Hi Kelly -  I think you want a regular behavior PLS (method = 3).  Multiblock combines task (mean-centerd) and behavior PLS, which is why you get twice as many LVs

 

Randy



Group Behavioral PLS
khiersche
Posted on 03/19/20 15:33:47
Number of posts: 8
khiersche replies:

Hello again,

Thank you for your quick reply. I have used the method=3 on each of my groups, by running separate PLS analysis. I was hoping that by combining my two groups and using method=4 I would be able to test the group differences in my data. Is that correct? 

If so, how do I go about interpretting the results of the 12 LVs?

 

Thank you for all of your help! 

Kelly 



Untitled Post
rmcintosh
Posted on 03/19/20 15:48:59
Number of posts: 385
rmcintosh replies:

quote:

Hello again,

Thank you for your quick reply. I have used the method=3 on each of my groups, by running separate PLS analysis. I was hoping that by combining my two groups and using method=4 I would be able to test the group differences in my data. Is that correct?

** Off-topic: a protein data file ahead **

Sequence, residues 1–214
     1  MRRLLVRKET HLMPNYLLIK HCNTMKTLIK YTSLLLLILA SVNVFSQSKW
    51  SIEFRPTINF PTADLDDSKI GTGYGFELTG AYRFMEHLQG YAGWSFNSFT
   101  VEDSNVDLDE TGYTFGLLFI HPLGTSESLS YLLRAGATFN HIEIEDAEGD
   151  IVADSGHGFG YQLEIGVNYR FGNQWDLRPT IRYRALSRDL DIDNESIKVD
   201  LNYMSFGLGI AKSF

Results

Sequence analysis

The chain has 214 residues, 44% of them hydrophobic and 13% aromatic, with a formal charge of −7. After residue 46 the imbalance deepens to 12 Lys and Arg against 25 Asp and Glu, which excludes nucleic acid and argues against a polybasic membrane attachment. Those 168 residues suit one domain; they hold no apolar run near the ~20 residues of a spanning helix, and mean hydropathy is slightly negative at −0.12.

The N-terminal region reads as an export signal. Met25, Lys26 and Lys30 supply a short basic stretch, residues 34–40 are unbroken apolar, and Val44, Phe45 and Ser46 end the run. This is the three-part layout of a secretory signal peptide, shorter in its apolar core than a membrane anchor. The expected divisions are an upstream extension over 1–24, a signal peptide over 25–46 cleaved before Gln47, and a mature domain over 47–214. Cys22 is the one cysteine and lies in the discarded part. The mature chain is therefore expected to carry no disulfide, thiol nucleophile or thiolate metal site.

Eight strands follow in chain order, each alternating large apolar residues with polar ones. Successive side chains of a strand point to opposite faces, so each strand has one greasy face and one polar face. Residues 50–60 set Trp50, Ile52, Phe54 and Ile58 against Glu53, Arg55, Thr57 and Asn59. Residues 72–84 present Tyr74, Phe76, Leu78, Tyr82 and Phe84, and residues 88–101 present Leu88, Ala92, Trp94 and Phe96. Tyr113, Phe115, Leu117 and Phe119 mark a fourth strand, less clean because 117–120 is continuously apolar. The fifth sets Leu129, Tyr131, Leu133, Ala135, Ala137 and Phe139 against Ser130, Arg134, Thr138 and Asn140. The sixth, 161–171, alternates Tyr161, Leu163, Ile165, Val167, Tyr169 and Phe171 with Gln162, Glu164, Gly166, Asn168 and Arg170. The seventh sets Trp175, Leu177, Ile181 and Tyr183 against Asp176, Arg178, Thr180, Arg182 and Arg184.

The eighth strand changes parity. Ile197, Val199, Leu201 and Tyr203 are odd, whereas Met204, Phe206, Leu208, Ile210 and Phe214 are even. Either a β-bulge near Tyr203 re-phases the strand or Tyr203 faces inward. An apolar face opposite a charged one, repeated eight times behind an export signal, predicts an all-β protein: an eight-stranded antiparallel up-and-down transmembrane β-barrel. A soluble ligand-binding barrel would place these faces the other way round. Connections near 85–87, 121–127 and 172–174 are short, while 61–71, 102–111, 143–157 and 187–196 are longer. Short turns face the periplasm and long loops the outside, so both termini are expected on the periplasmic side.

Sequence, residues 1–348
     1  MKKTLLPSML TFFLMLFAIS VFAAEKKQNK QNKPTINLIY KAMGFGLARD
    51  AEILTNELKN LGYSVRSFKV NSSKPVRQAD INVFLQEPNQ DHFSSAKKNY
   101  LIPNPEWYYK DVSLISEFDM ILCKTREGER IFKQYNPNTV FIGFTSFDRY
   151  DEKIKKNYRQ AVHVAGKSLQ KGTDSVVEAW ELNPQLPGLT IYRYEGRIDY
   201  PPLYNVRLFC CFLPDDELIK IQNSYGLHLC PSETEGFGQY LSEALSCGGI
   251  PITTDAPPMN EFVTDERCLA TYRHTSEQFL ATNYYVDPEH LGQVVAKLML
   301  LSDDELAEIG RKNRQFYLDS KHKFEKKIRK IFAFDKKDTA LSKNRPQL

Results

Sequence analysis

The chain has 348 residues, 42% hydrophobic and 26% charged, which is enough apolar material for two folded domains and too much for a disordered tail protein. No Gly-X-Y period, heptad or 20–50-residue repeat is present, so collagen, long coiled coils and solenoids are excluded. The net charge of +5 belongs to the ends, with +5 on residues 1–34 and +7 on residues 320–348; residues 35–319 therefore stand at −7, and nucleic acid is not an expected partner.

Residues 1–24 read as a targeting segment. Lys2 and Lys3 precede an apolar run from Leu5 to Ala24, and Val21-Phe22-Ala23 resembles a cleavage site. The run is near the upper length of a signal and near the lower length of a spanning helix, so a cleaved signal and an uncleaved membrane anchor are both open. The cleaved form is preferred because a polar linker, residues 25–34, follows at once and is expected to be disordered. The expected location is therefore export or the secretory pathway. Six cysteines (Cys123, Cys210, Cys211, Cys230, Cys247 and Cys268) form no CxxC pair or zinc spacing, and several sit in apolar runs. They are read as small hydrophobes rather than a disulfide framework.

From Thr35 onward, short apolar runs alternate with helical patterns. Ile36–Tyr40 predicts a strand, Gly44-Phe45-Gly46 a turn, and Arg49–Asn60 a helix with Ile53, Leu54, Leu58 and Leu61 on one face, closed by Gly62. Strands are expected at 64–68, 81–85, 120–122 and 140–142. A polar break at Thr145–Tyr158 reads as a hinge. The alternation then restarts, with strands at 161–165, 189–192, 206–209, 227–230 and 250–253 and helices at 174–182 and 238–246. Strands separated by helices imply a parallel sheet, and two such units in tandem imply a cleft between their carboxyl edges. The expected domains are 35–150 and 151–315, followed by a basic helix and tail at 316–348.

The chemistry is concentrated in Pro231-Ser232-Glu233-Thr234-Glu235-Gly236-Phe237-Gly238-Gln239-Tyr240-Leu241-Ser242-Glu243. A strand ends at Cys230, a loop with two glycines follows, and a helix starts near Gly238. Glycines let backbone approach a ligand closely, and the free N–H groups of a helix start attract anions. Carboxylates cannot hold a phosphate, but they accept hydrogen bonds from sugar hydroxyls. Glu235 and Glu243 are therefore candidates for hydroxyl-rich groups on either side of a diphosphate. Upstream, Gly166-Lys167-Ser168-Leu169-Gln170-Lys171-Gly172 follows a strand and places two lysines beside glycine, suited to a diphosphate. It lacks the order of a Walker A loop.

If so, how do I go about interpretting the results of the 12 LVs?

 

Thank you for all of your help! 

Kelly 

you can test for group differences using both method 3 and 4.  Method 3 will identify similarities and differences in a data-driven mode, whereas method 4 you'll need to provide contrasts. 



Group Behavioral PLS
khiersche
Posted on 03/19/20 16:13:27
Number of posts: 8
khiersche replies:

Thank you very much for the clarification! 



Group Behavioral PLS
khiersche
Posted on 03/24/20 14:12:28
Number of posts: 8
khiersche replies:

Hello again,

First, thank you for all of your help up to this point. I have two questions, regarding interpretting my analysis.